Last year I posed the burning question -Will Jack Reacher ever get to Virginia? https://115journals.com/2012/11/04/jack-reacher-will-lee-child-let-him-get-to-virginia/ I can now answer that question. Yes.
It’s true that three of Lee Child’s Reacher novels – 61 Hours, Worth Dying For and A Wanted Man, describing his circuitous journey through South Dakota, Nebraska and Kansas, actually took only a matter of days Reacher time, but it took several years in publishing time and, despite the thrills, seemed endless. In Never Go Back, he actually arrives there.
The novel begins: “Eventually they put Reacher in a car and drove him to a motel a mile away where the night clerk gave him a room, which had all the features Reacher expected, because he had seen such rooms a thousand times before.” The shower would be strangled, the towels thin, the television small and old. In short, he lives in such rooms. As faithful readers know he is in constant motion, travelling by bus and hitched rides across the United States. Earlier I called him a wandering Taoist, unattached to any notion of home. https://115journals.com/2012/06/08/jack-reacher-wandering-taoist/
Shortly after, he is dumped at the cheap motel, a plain dark sedan pulls up and two heavies attempt to persuade him to leave town. “They couldn’t find you before. They won’t find you now. The army doesn’t use skip tracers. And no skip tracer could find you anyway. Not the way you seem to live.” Now here’s a quandary. The guys in the first car have ordered him to stay. But of course, Reacher isn’t about to follow orders any more. He does follow his own rules one of which is “Get your retaliation in first” and soon there are dents to prove it. Such is his welcome to Virginia.
Why was he so intent on getting there? He was following the siren call of a woman’s voice. Not just any woman’s voice, but the competent, risk-taking woman’s voice that has helped him in his travels from South Dakota. His goal is the HQ of 110th MP Special Unit in Rock Creek, a place he knows well since he was its first commanding officer before he quit on principle in 1997, just short of being laterally transferred to the end of the earth. He announces that he is there to see the current CO, Susan Turner and sets the wheels in motion the mayhem that follows.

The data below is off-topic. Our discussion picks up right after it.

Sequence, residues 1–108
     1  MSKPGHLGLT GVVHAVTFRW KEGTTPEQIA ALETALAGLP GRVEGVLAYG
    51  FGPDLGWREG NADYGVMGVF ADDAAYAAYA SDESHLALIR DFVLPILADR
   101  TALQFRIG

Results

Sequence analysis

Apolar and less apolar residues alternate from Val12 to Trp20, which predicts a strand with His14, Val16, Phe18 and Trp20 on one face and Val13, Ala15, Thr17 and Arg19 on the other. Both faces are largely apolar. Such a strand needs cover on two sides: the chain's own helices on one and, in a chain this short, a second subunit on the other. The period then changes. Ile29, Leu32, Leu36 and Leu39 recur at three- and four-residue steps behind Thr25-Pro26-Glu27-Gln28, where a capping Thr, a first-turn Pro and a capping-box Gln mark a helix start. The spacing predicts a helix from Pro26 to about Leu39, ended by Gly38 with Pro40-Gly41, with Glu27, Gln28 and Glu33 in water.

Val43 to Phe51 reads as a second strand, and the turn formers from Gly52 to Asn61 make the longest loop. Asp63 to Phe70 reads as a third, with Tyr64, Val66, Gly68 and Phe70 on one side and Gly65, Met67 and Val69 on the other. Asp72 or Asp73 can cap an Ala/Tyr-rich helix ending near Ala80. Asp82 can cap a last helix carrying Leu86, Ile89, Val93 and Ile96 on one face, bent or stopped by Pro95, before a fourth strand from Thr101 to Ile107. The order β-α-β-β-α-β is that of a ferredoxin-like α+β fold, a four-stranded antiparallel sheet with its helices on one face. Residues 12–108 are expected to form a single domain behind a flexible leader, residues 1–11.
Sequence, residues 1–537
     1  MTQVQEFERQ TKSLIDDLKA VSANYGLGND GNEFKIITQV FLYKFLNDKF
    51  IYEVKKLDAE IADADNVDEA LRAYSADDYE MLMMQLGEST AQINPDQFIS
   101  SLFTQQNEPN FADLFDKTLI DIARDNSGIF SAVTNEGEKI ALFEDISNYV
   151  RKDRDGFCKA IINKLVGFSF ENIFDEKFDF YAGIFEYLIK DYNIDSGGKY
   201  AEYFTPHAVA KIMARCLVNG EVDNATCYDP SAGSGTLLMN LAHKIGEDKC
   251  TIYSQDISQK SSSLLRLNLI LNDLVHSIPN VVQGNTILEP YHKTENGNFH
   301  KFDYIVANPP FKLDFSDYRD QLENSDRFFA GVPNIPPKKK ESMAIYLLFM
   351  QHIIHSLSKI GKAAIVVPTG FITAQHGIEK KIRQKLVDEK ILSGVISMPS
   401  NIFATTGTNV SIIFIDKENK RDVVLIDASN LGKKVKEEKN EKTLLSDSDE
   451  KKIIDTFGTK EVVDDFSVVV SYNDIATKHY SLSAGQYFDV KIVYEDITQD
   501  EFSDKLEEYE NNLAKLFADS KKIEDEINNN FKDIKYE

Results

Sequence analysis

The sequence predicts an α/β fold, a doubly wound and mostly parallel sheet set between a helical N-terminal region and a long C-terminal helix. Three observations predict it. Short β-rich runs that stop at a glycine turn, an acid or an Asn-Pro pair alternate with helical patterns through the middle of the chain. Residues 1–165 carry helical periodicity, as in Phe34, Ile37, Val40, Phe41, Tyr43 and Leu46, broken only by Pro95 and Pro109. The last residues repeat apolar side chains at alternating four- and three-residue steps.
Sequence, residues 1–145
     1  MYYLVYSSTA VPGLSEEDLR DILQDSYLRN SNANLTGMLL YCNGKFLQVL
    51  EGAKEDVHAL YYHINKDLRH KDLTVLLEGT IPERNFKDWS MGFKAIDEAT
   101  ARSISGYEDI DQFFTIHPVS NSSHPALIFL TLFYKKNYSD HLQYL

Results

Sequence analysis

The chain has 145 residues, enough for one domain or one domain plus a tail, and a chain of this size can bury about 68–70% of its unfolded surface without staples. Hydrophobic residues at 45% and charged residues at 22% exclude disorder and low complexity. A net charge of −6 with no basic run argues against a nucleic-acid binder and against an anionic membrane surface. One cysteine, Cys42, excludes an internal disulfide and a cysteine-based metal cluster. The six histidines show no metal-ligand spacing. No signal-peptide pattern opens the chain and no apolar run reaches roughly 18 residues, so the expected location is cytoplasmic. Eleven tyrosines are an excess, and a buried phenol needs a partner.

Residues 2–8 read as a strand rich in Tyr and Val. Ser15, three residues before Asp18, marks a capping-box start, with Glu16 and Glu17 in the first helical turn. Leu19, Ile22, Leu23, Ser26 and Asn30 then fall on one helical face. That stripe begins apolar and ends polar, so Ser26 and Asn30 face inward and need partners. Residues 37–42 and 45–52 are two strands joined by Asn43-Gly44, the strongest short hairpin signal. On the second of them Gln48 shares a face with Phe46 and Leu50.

Turns out that Reacher is still a wanted man: he is wanted for the murder of a gunrunner in Los Angeles 15 years ago and for skipping out on a pregnant lover in Korea, who is now living in a car with her daughter and wants support. Fortunately, the litigant has the wisdom to be living in a car in L.A.
As for Susan Turner, she has vanished from sight and when Reacher tracks her down in a detention facility almost as secret as Gauntanamo, she has left word she doesn’t want to see him. That only encourages him of course.
Turns out her charges are even more serious.
Reacher doesn’t get a glimpse of Susan Turner until a quarter of the way through the book. “She was an inch or two above medium height. She was small-boned and slender, with dark hair pulled back, and tanned skin and deep brown eyes.” He concludes she was well worth the trip. Furthermore she can take care of herself.
It is not brawn but ingenuity that enables them to go on the lam with no papers of their own and a “borrowed” $30. They head for Los Angeles in an attempt to sort out Reacher’s problems before they tackle Turner’s. As they sort his out, they speculate about why they are being targeted and who has the power to pull such strings.
One of the delights of the story is the “daughter”, a 15 year-old who seems as if she should be Reacher’s child. She already has powers of observation well beyond the FBI agents, the Army MPs and the heavies who follow in Reacher’s wake.
The good news is that Reacher’s face doesn’t take on any more damage, but it’s not news at all that he ends up waiting for a bus.
(I read this book on my KIndle.)